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Wednesday, January 28, 2009

NAACP Weighs In

The PI carried an op-ed this morning by James Bible and Phyllis Beaumonte, both of the NAACP. It makes some fairly inflammatory statements and bases them on review of the closure process, its criteria and the data. (I would provide a link but can't find it at the PI website; I'll check again later.) To wit:

"The Seattle King Country NAACP is opposed to Johnson's school closure plan because it is likely to disproportionately affect children of color, the poor and students with learning disabilities. "

So it has been argued here about minority and disadvantaged children and the movement of Special Ed programs has also been discussed but did anyone find evidence that more students with learning disabilities will be affected? (I'm not sure if they mean versus regular ed popular or versus other closures?)

"Now that we have concluded our analysis, we have reached the position that this school district purposely has decided that some children are of value while others should be left behind."

That's a pretty hot statement. Based on their analysis, district staff's decisions are not only affecting minority/poor children but it was done on purpose? That these closures are to help some children and hurt others?

They say that the district should use the rainy day fund because this is a time of crisis economically. There's a point for discussion with the district. If the budget crisis is so bad, why not use some of the rainy day fund (but leave a cushion)?

They try to make the point about how much more money Dr. Goodloe-Johnson makes compared to Mayor Nickels ($264,000 versus $150,000) and how much more she made than Raj Manhas ($178,000). They say her salary is out of touch with our market and our state but fail to understand that superintendents aren't elected (not usually) and free-market rules apply. She would get that much almost anywhere else.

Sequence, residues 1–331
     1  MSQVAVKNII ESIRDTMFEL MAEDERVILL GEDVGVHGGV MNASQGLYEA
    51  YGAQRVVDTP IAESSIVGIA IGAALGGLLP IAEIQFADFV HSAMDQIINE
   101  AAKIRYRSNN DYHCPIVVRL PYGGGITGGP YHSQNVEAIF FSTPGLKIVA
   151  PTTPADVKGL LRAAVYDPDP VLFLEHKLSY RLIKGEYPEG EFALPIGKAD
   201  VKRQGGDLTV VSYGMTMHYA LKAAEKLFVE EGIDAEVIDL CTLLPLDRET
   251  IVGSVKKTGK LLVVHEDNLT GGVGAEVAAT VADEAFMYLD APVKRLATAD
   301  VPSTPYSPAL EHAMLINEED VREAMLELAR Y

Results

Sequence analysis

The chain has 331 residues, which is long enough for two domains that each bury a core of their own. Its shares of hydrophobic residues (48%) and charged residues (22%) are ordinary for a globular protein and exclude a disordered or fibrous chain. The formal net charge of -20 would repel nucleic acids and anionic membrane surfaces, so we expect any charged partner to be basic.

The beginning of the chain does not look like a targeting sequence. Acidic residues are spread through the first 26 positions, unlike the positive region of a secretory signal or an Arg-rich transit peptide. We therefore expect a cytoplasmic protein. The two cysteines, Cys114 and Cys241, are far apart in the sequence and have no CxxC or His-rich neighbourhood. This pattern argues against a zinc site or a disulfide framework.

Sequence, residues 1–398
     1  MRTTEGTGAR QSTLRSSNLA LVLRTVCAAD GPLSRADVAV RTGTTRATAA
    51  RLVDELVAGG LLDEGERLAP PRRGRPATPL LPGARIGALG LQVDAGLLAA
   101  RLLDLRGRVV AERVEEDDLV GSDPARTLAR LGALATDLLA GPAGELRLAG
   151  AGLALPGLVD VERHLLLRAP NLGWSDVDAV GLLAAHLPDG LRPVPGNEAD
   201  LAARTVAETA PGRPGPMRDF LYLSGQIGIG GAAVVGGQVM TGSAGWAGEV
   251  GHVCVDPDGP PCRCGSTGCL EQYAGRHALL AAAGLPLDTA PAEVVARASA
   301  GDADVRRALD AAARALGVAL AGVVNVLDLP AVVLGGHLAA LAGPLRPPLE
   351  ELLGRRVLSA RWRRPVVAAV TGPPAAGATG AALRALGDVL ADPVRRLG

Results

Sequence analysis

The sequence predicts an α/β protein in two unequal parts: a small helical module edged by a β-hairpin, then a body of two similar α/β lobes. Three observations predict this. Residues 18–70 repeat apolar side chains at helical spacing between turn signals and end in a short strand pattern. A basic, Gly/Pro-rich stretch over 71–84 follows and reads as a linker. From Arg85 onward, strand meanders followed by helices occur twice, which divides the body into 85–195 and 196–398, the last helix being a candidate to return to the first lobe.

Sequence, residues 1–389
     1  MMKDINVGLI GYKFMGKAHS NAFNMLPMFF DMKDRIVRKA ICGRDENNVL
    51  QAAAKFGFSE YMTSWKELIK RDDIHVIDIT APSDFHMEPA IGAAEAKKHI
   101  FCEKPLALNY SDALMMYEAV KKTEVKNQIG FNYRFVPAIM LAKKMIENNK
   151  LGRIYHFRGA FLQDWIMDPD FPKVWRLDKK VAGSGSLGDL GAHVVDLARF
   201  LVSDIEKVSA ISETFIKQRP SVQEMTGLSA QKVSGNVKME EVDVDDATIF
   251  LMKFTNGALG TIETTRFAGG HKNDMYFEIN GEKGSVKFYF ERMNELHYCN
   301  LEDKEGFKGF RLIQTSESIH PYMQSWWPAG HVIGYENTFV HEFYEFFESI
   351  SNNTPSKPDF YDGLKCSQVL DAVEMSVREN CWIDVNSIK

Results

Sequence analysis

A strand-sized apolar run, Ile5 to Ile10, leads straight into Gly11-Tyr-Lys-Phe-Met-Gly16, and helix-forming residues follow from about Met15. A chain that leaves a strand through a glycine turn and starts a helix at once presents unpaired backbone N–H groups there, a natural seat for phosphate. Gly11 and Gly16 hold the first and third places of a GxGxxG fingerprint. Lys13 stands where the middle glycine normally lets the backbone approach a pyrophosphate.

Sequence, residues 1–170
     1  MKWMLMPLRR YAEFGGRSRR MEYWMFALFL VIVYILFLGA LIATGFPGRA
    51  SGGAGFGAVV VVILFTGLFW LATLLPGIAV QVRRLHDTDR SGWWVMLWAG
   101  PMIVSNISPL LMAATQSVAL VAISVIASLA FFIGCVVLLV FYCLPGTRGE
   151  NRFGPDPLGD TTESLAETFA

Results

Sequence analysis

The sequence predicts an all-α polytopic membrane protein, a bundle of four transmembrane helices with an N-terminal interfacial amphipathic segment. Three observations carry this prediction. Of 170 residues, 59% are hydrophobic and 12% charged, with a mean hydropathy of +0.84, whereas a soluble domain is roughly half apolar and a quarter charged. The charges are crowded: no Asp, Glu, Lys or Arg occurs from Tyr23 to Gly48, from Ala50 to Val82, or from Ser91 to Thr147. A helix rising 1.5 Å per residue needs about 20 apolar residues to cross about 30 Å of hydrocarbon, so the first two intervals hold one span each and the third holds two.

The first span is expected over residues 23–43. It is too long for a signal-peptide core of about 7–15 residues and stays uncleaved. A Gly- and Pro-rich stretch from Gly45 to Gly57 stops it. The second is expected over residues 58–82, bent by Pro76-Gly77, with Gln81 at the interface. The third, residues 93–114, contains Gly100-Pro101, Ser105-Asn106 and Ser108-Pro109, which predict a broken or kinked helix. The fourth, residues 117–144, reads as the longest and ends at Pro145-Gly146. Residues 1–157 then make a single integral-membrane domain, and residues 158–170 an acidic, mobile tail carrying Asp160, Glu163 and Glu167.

They rightly argue about creating the assignment plan before closures. But then they explain that we are likely to go to a neighborhood plan and if areas with high numbers of students have no school because of closures, where will they go? I'm not sure the district or anyone else for that matter, can say what will happen under a neighborhood assignment plan. Will it attract back people who want that kind of predictability? Will it drive others to private school?

They do end with an interesting proposition; that an outside agency such as the US Department of Education or the state should review the district's plan to make sure all children are treated equally. I'm not sure I believe it's possible to document all children being treated equally; in closures it's much more about equity than equality.

The NAACP has previously said they might file a lawsuit which is a standard line they use frequently.

13 comments:

seattle citizen said...

The proposed amendments are available on the Agenda for tomorrow's meeting, posted at:

http://www.seattleschools.org/area/board/08-09agendas/012909agenda/012909agenda.pdf

Melissa Westbrook said...

Seattle Citizen, that link isn't working. Maybe they got posted and then removed. Could you recheck that link?

WS said...

The school board page now says "we anticipate posting amendments at 1 pm." So - everybody stand down for a bit.

Charlie Mas said...

Here's a link to the guest column.

http://seattlepi.nwsource.com/
opinion/397772_seattleonline29.html

Charlie Mas said...

The NAACP writes that the capacity management plan "is likely to disproportionately affect children of color, the poor and students with learning disabilities".

But will affect them positively or negatively? If the affect is positive, do they still mind the disproportionate outcome? If the affect is to move students from failing, ineffective schools to successful effective ones, do they still oppose the plan?